How did your recurring Late Show work come about?
I didn’t see it coming. In January 2005 I had a spot on the show where everything fell into place and the audience was excited, for a change. And then after that his company, Worldwide Pants, contacted my manager and said that they wanted me to do something on the show. When they called up, they said this stuff is coming directly from Dave. So that was the greatest compliment I ever had.

How long have you been a fan of Letterman?

I remember him from the morning show that he did on NBC before 1982. I remember watching that. And then Late Night in 1982.

Were you still in New York?
No, I came out to L.A. in ’78 to be a musician. I didn’t get into comedy until the mid-eighties.

What kind of musician?
Very unique: I was a singer-songwriter-guitarist. Very unusual in the late seventies to find a singer-songwriter, and on top of that, a guitarist.

During the Late Show spring-training video with the Yankees, CC Sabathia complimented you on your voice.
Oh! I almost collapsed when he said that. He actually seemed sincere at the moment. I don’t know if he was having hearing problems at the time. But when he said to me, “You have a nice voice”? Oh, my God. That is a first.

And it’s not like you were singing a pop hit either. You were singing the Torah from your bar mitzvah.
I was singing him the haftorah, the thing that all Jews do at their … you’re Jewish, right?

No, I’m not. I’m Catholic.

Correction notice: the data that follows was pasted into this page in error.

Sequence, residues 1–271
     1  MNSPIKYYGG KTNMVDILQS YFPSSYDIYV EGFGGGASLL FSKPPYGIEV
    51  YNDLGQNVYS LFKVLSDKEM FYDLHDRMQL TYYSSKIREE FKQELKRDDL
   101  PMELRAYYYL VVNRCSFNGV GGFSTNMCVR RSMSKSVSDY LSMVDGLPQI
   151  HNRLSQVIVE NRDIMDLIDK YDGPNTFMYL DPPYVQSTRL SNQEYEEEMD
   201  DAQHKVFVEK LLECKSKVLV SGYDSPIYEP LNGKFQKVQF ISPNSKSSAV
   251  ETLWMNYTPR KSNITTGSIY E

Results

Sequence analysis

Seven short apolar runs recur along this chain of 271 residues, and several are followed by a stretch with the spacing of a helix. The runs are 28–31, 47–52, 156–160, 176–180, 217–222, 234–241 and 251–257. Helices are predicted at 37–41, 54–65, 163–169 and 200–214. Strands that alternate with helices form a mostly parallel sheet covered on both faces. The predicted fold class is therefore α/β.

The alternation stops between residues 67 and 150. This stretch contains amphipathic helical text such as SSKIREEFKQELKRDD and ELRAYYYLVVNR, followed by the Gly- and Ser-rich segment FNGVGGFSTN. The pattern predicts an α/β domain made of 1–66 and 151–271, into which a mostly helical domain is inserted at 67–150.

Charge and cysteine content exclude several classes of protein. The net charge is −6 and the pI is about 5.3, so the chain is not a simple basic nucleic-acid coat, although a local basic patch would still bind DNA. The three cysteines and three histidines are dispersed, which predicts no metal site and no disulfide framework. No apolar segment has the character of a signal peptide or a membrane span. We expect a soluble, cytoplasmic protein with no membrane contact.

I just assume all journalists … I thought we controlled the media.

I’m sorry for blowing my cover. I mangled the pronunciation of “haftorah.”
If your life depended on me guessing what you were saying, your life would be over. I had no idea what you were saying.

I read this thing by Malcolm Gladwell from What the Dog Saw about late bloomers. Do you feel like you’ve gotten better at stand-up?
Yeah, I really do feel like that. The other part of life which I think is just generally true of everything in life is that you’re never going to get it nailed down. I just don’t think the universe is constructed like that. [Also], in Outliers Malcolm Gladwell has the 10,000-hour rule. I was thinking about that, and one of the things that makes people turned off to doing anything in life is when you tell them you have to work hard. Work hard! I think that’s the wrong thing to tell people. I think what you should tell them is really find what you want to do and then it doesn’t seem like you’re working hard.

When do you think you hit 10,000 hours?
Well, I started out as a duo.

So subtract 50 percent.
But then I’ve been doing comedy on my own for 24 years. Hold on, I’ll just do it right now for you. Three hundred and sixty five times 24 equals … oh you know what, it’s only 8,760. (laughs). It looks like I’m a couple of thousand shy of being a funny comedian according to the Malcolm Gladwell rule.